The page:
NCA to get new market investigation powers
In a press release published on 13 January 2023, the Norwegian Government confirmed that it is moving ahead with its plans to introduce a market investigation tool. It intends to issue a consultation paper in Q1 2023.
The Norwegian Government is following in the footsteps of the UK, where the CMA already has powers to conduct market investigations and impose remedies. Several other European countries are considering implementing similar legislation.
All companies in an investigated market must be prepared for extensive fact-finding exercises, including disclosure of internal documents. Although market investigations do not have the objective of uncovering breaches of competition rules, potential infringements uncovered during a market investigation may trigger an investigation of the companies in question.
Information exchanges high on the NCA’s agenda
2023 could be the year for information exchange cases. The NCA has notified the three largest grocery retailers in Norway that it intends to issue fines totalling NOK 21 billion (approximately EUR 2 billion) for anti-competitive information exchange.
The case concerns the retailers’ use of so-called “price hunters” to collect information about shelf prices from each other’s stores. The NCA will likely conclude in 2023, but a decision with fines will almost certainly be appealed.
The case follows in the footsteps of another recently adopted information exchange decision. In November 2022, the NCA fined the four largest book publishers in Norway and a subsidiary a total of 545 million (approximately EUR 52 million), for exchanging information on future publications via their subsidiary Bokbasen. The infringers have already indicated that they intend to appeal to the Norwegian Competition Tribunal. A decision from the tribunal can be expected at the end of 2023.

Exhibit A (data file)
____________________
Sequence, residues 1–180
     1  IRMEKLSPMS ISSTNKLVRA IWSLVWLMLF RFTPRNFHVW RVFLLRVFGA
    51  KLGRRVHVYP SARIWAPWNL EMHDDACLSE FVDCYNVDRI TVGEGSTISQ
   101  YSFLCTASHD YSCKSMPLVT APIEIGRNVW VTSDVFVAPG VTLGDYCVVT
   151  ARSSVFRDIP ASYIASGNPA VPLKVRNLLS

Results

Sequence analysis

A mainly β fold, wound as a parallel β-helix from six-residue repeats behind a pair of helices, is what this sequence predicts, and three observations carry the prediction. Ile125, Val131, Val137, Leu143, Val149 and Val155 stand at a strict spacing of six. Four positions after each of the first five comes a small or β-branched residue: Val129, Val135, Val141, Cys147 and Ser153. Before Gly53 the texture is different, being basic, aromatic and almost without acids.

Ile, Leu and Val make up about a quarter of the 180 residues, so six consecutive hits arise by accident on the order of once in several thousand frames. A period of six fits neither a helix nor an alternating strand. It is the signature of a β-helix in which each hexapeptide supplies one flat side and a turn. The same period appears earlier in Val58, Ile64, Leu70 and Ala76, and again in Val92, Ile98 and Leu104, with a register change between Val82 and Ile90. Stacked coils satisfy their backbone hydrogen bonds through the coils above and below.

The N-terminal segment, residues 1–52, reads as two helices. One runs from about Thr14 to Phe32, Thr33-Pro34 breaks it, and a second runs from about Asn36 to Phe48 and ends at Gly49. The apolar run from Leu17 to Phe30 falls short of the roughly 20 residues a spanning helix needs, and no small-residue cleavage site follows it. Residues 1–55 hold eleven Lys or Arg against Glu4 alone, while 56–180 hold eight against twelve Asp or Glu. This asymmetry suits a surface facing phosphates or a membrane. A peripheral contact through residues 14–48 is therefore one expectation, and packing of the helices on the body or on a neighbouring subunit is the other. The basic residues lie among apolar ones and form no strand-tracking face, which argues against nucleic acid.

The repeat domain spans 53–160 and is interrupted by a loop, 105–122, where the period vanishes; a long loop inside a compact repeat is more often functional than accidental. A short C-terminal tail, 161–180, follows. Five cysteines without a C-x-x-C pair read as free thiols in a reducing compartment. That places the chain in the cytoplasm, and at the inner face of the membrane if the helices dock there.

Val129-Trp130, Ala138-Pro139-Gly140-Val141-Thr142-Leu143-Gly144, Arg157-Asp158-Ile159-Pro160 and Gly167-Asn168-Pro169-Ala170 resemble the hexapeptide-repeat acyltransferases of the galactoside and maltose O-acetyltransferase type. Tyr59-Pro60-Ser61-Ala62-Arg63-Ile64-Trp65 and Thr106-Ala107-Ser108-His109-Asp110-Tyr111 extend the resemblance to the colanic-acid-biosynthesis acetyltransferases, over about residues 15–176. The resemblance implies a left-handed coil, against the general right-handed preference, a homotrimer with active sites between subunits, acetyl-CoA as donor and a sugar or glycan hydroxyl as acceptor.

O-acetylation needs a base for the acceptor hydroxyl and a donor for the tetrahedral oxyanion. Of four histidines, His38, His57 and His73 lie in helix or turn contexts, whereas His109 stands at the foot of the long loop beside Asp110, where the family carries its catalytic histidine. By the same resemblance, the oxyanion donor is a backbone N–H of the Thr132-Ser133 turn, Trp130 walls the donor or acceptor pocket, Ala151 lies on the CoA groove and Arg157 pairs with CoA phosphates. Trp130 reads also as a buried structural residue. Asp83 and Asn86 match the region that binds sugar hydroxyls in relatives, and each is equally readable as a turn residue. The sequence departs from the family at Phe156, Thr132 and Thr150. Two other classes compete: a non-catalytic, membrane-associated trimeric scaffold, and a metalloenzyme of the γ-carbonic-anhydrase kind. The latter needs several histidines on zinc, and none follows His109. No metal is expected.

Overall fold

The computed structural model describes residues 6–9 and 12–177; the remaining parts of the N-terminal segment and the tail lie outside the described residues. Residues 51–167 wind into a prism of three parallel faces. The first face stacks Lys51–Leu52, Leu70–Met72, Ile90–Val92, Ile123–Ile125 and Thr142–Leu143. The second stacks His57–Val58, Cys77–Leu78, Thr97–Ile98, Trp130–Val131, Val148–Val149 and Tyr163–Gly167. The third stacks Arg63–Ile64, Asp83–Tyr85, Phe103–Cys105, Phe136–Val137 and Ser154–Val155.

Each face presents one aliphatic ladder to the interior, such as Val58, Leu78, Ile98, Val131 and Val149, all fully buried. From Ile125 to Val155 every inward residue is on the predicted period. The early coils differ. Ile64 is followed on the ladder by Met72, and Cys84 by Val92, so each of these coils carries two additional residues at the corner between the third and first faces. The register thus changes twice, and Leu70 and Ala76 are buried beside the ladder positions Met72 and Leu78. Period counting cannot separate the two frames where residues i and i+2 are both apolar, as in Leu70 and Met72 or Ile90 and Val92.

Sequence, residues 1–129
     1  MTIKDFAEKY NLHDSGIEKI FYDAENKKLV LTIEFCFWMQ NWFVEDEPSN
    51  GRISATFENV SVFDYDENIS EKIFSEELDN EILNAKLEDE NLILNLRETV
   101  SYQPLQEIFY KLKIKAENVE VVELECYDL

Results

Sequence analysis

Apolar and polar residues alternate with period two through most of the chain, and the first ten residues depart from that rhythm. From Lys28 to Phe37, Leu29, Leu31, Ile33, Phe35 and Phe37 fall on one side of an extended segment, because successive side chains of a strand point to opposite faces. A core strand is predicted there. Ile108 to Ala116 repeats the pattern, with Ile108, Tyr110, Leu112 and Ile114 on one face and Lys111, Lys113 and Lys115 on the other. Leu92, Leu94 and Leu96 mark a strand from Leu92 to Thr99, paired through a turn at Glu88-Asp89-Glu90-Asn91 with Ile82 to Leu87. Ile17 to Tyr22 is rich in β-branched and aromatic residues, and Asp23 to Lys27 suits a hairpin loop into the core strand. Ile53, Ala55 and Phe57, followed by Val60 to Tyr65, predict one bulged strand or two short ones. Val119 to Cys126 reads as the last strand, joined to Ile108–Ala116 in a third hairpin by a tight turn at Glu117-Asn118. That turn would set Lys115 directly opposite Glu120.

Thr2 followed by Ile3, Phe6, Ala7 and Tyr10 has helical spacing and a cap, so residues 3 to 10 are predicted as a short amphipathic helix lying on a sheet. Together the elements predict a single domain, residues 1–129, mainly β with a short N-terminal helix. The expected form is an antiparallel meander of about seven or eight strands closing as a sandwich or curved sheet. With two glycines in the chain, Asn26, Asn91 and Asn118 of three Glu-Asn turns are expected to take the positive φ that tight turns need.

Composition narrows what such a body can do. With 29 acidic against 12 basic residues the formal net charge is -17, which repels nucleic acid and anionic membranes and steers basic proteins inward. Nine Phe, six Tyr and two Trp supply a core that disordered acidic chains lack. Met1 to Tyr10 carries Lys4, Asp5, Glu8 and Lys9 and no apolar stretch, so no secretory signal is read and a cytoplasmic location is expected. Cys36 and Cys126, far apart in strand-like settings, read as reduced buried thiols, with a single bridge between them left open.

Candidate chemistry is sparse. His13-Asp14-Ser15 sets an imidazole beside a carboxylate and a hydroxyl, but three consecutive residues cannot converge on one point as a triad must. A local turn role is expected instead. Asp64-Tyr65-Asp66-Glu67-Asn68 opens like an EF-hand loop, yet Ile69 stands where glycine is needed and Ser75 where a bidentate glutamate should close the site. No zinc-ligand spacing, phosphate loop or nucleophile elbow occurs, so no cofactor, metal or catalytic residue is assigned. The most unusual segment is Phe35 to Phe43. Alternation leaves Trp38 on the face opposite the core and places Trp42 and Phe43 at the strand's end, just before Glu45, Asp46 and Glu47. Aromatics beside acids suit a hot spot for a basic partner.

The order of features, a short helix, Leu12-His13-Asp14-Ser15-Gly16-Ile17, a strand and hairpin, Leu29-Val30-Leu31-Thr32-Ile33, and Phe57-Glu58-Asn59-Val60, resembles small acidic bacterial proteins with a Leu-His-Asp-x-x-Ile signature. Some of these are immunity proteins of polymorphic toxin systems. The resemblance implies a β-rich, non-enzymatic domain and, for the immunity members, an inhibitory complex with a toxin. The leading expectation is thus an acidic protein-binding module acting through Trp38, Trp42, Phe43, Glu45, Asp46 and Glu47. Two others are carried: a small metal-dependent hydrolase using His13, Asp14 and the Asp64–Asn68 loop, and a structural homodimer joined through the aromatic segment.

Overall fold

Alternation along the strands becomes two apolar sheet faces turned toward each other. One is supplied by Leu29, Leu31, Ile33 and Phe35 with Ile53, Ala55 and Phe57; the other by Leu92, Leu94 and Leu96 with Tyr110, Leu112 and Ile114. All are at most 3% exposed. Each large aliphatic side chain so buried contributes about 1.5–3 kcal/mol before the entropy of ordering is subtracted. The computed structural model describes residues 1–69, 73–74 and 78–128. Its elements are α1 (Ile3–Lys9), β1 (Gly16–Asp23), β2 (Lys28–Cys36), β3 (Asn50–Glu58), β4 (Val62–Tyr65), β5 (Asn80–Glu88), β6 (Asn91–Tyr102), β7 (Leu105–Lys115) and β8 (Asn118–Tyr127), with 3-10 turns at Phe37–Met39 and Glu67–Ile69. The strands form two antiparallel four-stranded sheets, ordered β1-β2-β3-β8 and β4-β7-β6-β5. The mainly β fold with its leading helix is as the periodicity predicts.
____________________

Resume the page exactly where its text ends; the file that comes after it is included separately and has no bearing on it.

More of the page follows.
The NCA’s very substantial (potential) fines, up to the cap of 10% of the companies’ turnover, are striking, as the NCA has not labelled any of the cases as cartel cases. This, together with the fact that the NCA has a pipeline of several other information exchange cases, highlights the need for businesses to tread very carefully in all projects and cooperations that involve access to information on competitors.
In a recent post on Kluwer Competition Law Blog, some of our competition law experts shared some key takeaways from the information exchange cases.
Foreign Subsidies Regulation: a new merger filing regime
The Foreign Subsidies Regulation entered into force on 12 January 2023 and will apply from 12 July 2023.
The regulation introduces a new merger filing obligation for targets (including JVs) with an EU turnover of at least EUR 500 million if the acquirer or parent has received a foreign financial contribution of at least EUR 50 million.
As a result, for transactions involving targets meeting the EUR 500 million EU turnover threshold, the new regime requires an analysis of whether the acquirer/parent has received state aid from non-EU countries, and if so, whether the EUR 50 million thresholds may be met. The concept of foreign financial contributions will likely be given a wide interpretation, broadly in line with EU state aid rules.
The main purpose of the regulation is to address market distortion and ensure a level playing field for all companies operating in the Single Market.
The regulation also gives the Commission powers to investigate financial contributions by non-EU countries and take action to balance the negative effects of investments that distort the Single Market.
In addition, the regulation sets out a notification obligation in the context of public procurement procedures.
Companies involved in transactions where the EU turnover threshold of EUR 500 million is met, are advised to consider the potential filing obligation very carefully. Fines for failure to notify can be significant. The Commission can impose fines up to 10 % of the company’s annual aggregated turnover if a foreign financial contribution is not notified as required.